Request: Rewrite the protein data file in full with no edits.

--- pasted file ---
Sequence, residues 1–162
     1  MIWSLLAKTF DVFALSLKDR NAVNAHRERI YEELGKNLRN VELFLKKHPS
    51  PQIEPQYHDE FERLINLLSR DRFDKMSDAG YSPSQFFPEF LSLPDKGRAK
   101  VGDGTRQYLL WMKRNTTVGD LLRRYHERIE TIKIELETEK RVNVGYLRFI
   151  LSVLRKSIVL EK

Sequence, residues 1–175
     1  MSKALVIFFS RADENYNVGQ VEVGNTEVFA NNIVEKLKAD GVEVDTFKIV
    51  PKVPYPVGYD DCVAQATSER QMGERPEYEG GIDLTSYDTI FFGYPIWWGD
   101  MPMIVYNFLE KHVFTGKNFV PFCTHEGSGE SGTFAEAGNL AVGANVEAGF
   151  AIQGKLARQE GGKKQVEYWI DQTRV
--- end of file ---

Sequence, residues 1–162
     1  MIWSLLAKTF DVFALSLKDR NAVNAHRERI YEELGKNLRN VELFLKKHPS
    51  PQIEPQYHDE FERLINLLSR DRFDKMSDAG YSPSQFFPEF LSLPDKGRAK
   101  VGDGTRQYLL WMKRNTTVGD LLRRYHERIE TIKIELETEK RVNVGYLRFI
   151  LSVLRKSIVL EK

Sequence, residues 1–175
     1  MSKALVIFFS RADENYNVGQ VEVGNTEVFA NNIVEKLKAD GVEVDTFKIV
    51  PKVPYPVGYD DCVAQATSER QMGERPEYEG GIDLTSYDTI FFGYPIWWGD
   101  MPMIVYNFLE KHVFTGKNFV PFCTHEGSGE SGTFAEAGNL AVGANVEAGF
   151  AIQGKLARQE GGKKQVEYWI DQTRV